International Women’s Day

The end of 2017 and the beginning of 2018 have undeniably heralded a pivotal moment for the international women’s movement. What with the recent sexual harassment scandals involving key figures such as the American film producer Harvey Weinstein and sports coach to the stars Larry Nassar, the world is gradually waking up to the everyday injustices faced by women. What these high-profile cases demonstrate is that even women in positions where we might consider them to be, to a certain degree, untouchable are affected by the suffocating embrace of a society based on patriarchal values.

In recent months, the world has borne witness to the emergence of popular social media hashtags such as #TimesUp and #MeToo that aim to promote female solidarity in the face of aggressive misogyny, particularly in the workplace where men in positions of power are able to take advantage of their more vulnerable female colleagues. In 2017, hundreds of accusations of sexual harassment and assault were leveled against the film production giant Harvey Weinstein, sending shock waves throughout the Hollywood industry. In sport, Larry Nassar has been accused of sexually assaulting hundreds of female athletes, many of them underage, with more than 265 women testifying to that effect. Even the U.S. president Donald Trump has been branded a misogynist due to his consistently offensive and inflammatory comments about women dating back to the 1980s. Some have compiled them to exhibit them in a way that demonstrates just how alarming his attitude towards the Second Sex actually is and how his hostility towards women goes far beyond his “grab ’em by the pussy” interview, most commonly undermining a woman’s political or professional capability and giving his unsolicited opinions on her appearance.

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The alleged victims of film producer Harvey Weinstein

Despite these scandals, however, the women’s movement has undeniably made significant progress, noticeably in the UK and the US among other countries that should not be overlooked. We have reached a key turning point where women’s voices are increasingly being made to matter as the Weinstein case only serves to demonstrate. Where these same victimized women would previously advised to remain silent, they are encouraged to speak up, slowly challenging and dismantling the crippling attitude of the past. Nowadays, there is more of a zero-tolerance policy to unacceptable behavior, crucially manifesting itself in the way that women are able to identify and challenge discriminatory behavior. What once might have been dismissed as par for the course, in line with the philosophy of ‘boys will be boys’, is being treated with the urgency and severity it truly merits, which indicates a profound cultural shift in our perception of what is means to be female. We, as women, have intrinsic value and agency which should be reflected in all areas of our personal and professional lives, many now prepared to publicly name and shame those who seem not to have got the memo. Since then, we have seen what has been termed the ‘Weinstein Effect’, with many more cases of similar misconduct coming to light after the landmark case opened the jar to a giant can of worms.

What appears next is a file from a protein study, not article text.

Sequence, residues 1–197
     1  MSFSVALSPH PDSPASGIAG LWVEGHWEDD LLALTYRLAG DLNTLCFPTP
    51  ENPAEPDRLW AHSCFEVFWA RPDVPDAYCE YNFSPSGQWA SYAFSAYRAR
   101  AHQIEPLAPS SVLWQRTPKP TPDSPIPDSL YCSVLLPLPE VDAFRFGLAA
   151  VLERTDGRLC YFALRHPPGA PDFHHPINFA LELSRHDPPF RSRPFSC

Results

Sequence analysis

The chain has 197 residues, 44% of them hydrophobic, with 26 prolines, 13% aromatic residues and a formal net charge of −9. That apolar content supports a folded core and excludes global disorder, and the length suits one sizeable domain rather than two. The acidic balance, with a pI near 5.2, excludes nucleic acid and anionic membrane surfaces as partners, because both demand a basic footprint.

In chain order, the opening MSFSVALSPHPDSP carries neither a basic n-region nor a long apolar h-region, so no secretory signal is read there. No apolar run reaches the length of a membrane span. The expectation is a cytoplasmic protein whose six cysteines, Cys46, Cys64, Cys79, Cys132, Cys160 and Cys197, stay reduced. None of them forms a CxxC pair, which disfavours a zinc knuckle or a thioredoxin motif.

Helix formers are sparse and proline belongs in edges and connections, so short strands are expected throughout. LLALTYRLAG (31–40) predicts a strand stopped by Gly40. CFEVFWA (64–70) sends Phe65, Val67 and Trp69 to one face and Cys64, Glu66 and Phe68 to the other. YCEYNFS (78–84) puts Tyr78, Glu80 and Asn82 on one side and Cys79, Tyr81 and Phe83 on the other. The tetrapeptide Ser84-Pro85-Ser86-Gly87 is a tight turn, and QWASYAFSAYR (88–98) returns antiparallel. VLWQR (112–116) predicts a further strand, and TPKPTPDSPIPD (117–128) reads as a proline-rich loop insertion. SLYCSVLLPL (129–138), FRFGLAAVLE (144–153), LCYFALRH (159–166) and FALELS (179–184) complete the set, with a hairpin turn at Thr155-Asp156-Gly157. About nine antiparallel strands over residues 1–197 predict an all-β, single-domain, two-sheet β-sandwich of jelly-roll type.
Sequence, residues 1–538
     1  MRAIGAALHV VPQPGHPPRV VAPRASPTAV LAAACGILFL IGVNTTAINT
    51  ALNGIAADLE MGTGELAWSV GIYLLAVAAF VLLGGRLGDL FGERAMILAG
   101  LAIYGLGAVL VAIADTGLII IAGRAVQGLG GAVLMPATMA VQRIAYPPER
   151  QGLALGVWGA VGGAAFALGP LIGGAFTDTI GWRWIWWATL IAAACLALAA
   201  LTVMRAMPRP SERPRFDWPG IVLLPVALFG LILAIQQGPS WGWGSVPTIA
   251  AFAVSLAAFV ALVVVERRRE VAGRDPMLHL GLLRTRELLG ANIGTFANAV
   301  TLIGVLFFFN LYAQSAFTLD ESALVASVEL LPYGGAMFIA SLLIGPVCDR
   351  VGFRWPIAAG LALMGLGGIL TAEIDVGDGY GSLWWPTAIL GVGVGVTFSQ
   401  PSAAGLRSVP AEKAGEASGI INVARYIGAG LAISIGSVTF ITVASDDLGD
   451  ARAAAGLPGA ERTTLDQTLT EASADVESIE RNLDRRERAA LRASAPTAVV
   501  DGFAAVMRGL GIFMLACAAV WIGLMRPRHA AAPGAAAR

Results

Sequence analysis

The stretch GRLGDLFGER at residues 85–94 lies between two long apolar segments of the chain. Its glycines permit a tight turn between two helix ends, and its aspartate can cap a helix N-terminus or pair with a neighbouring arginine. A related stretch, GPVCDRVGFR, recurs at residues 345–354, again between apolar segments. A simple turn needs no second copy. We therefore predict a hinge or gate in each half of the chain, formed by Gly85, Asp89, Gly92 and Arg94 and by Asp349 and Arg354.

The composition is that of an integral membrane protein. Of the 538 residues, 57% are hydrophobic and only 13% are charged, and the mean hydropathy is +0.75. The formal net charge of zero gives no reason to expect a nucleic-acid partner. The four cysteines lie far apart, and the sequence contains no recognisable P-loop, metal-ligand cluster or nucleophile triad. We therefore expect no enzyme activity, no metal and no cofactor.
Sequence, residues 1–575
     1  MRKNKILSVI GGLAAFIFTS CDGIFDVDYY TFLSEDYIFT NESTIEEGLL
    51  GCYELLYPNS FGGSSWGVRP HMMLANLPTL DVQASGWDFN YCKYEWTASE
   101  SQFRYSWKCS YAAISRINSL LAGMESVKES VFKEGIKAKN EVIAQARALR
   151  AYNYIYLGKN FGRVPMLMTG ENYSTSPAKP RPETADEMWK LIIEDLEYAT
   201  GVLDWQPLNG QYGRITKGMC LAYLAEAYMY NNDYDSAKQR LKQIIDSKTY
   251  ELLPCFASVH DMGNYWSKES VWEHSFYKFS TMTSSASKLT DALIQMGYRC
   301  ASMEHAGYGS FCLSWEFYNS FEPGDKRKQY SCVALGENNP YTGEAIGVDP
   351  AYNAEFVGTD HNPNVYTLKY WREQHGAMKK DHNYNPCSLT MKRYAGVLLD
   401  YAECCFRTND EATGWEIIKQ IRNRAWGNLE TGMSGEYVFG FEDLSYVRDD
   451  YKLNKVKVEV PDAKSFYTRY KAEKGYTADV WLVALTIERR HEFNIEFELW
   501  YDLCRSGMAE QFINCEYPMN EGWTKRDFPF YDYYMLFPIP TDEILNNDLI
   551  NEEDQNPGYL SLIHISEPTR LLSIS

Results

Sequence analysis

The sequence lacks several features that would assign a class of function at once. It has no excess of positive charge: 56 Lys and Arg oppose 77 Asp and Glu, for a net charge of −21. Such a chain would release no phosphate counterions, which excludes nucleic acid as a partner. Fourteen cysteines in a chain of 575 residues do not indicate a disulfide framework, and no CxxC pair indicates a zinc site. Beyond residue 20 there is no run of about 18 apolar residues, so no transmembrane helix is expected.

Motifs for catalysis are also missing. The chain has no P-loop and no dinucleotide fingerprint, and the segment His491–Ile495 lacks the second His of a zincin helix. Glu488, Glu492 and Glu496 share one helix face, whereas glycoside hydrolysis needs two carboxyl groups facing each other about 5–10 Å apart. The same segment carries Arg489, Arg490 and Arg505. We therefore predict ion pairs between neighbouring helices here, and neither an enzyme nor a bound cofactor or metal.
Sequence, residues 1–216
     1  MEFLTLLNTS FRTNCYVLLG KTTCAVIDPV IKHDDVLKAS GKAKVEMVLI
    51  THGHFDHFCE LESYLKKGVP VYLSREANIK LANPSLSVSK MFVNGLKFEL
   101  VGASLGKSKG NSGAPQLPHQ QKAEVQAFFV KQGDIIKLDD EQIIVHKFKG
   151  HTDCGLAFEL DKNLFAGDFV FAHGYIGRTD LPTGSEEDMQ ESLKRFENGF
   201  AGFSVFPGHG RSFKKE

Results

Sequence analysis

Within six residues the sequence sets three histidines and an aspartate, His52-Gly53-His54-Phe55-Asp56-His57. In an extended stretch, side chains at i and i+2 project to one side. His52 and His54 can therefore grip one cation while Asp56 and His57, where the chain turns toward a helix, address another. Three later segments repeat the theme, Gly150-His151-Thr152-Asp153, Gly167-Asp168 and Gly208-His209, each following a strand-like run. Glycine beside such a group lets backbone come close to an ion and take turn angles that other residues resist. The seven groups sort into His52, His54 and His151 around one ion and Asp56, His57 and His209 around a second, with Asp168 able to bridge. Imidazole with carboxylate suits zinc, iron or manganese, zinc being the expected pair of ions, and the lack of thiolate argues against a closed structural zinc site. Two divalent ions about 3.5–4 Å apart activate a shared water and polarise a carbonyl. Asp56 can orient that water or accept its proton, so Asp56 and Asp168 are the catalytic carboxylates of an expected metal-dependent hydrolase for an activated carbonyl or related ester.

While this loosening of tongues is clearly a step in the right direction, it has some unpleasant side-effects, the principal one being that it shatters the comfortable illusion that feminism is becoming unnecessary, even obsolete in a society that pays lip-service to equality. All of these horrific and disturbing cases shine the spotlight on what we’d rather not see or acknowledge, that being the unsolved problem of gender inequality. In January, it emerged that a men-only event took place in London hosted at the President’s Club, dubbed “the most un-PC night of the year”. Hostesses were required to wear tight-fitting black dresses and heels to cater to powerful male businessmen, many of whom were accused of inappropriate behavior towards the women present. The flurry of news stories that came afterwards were shocking, many incredulous that this type of behavior and culture are still around in 2018, though should we really be so surprised? To look on the bright side, however, while the event itself shows how long the journey ahead still is, the public outcry that succeeded it shows just how far we have come.

Now, the conversation needs to translate into the lives of everyday women. So far, the debate has arguably been dominated by a select group, namely wealthy white Western women who, while they may be doing great work, are not representative in any way of all women and the huge variety of difficulties that they face. It will take much more than a privileged few who have little to lose donning expensive and glamorous black gowns and tweeting a few hashtags to really change things. We need to recognize the vital importance of intersectional feminism as it is the only way to truly support and further the interests of all women, particularly across racial and gender divides. The actress Rose McGowan, for example, has recently been criticized for failing to acknowledge this diversity of experience, a classic case of denying the problem exists if it doesn’t exist for her, though it most certainly does. White women, for instance, have benefited most from affirmative action, the playing field far from level for women of color. Liv Little, the founder and editor in chief of gal-dem magazine puts it well in a Guardian article, asserting that: